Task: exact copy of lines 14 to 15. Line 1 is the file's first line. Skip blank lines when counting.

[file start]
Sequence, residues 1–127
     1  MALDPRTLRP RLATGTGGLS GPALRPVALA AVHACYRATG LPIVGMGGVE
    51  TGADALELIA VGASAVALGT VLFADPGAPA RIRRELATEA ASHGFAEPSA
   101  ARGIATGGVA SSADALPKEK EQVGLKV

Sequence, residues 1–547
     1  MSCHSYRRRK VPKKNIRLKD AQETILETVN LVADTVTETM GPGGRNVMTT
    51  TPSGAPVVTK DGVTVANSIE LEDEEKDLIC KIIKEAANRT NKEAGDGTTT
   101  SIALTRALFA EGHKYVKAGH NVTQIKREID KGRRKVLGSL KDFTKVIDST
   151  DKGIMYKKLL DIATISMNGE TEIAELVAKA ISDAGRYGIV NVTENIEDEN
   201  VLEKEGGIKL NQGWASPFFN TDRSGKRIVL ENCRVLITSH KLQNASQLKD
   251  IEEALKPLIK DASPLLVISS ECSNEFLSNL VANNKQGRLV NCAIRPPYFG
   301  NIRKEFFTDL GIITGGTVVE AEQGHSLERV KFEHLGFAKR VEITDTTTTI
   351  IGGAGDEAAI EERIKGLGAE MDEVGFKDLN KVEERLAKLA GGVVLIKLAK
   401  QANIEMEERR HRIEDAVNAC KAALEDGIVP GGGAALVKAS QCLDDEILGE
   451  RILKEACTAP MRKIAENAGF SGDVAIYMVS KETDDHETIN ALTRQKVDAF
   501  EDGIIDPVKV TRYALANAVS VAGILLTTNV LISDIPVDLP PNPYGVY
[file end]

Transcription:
   401  QANIEMEERR HRIEDAVNAC KAALEDGIVP GGGAALVKAS QCLDDEILGE
   451  RILKEACTAP MRKIAENAGF SGDVAIYMVS KETDDHETIN ALTRQKVDAF